Anderson, who has worn the black and white for five NFL seasons,
is also a dentist in Houston. Imagine that--two jobs in which he
watches guys spit and get drilled.
Boris Becker has split from his wife of seven years, Barbara
(below, left). According to German press reports, the breakup
was caused by an affair Becker was having with German rap star
Sabrina Setlur. In an interview with Bild, Germany's
best-selling daily, Becker denied that another woman was in the
picture. "We fought for our marriage for a very long time," said
Becker, adding, "There was no concrete reason, it was
just...building for some time."...
Actor Mykelti Williamson (Forrest Gump), just landed the role of
Don King in director Michael Mann's biopic of Muhammad Ali.
Williamson shadowed King at the Felix Trinidad-Fernando Vargas
bout on Dec. 2 in Las Vegas. What nuggets did the actor glean?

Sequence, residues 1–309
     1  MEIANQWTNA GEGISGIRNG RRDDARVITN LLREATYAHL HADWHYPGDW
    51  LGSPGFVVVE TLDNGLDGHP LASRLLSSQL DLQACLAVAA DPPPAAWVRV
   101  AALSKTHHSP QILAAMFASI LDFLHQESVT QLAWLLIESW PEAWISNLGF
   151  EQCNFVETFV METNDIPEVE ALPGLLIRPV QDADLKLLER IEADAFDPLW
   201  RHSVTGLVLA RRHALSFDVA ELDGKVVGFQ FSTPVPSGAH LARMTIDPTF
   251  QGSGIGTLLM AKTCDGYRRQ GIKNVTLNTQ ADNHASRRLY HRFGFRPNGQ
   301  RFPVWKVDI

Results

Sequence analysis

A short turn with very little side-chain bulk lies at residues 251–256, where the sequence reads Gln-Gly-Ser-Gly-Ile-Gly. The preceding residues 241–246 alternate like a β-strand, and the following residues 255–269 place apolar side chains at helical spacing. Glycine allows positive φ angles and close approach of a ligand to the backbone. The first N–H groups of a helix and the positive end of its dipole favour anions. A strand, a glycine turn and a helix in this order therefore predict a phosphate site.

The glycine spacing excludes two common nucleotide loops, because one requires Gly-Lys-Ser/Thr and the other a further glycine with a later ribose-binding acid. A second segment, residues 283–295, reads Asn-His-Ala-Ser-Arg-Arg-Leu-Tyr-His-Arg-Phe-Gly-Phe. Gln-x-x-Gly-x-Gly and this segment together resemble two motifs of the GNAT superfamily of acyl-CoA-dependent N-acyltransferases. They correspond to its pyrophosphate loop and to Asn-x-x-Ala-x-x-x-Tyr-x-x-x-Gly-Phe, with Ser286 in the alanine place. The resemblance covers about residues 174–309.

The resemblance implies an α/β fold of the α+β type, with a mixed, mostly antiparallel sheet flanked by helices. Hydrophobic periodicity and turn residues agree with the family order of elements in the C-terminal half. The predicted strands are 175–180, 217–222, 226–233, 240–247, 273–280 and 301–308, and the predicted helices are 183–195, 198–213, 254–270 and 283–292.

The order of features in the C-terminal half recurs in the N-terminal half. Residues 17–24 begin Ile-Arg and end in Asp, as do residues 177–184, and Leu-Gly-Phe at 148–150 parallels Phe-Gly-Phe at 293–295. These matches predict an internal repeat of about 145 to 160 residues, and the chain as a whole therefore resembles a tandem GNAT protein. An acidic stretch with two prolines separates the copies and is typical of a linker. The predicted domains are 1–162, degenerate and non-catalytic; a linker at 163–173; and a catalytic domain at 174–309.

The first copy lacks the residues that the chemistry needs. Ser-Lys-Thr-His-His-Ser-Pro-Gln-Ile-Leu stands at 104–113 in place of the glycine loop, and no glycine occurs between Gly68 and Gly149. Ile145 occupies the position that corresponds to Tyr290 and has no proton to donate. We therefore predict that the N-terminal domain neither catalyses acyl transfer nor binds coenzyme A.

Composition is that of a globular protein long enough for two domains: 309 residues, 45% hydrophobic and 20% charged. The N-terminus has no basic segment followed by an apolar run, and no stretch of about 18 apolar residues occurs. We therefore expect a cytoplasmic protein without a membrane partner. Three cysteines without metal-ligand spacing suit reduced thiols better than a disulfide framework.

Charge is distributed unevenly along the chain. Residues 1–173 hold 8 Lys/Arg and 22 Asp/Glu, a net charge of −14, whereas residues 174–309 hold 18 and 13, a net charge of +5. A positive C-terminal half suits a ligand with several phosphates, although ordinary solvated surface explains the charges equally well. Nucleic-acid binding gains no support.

Says Williamson, "Well, he enjoys being the center of
attention." Hmmm, you think?...
Citing insiders on George W. Bush's transition team, the
Washington Times reports Roger Staubach is under consideration
to be Bush's Secretary of the Navy. Staubach, who runs a Dallas
real estate firm, would only say through a spokesperson, "At
this time, [I] have not been contacted to serve in the Bush
administration." A Bush spokesman says, "We are not speculating
on any appointments."...
Not too long after Will Smith finished filming The Legend of
Bagger Vance, he told an assistant to find an African-American
golfer he could help out. The assistant discovered Tim O'Neal,
27, who has been pursuing his PGA Tour card for three years.
Since then Smith has been O'Neal's sole sponsor, picking up the
tab for his expenses and arranging for coaches and a sports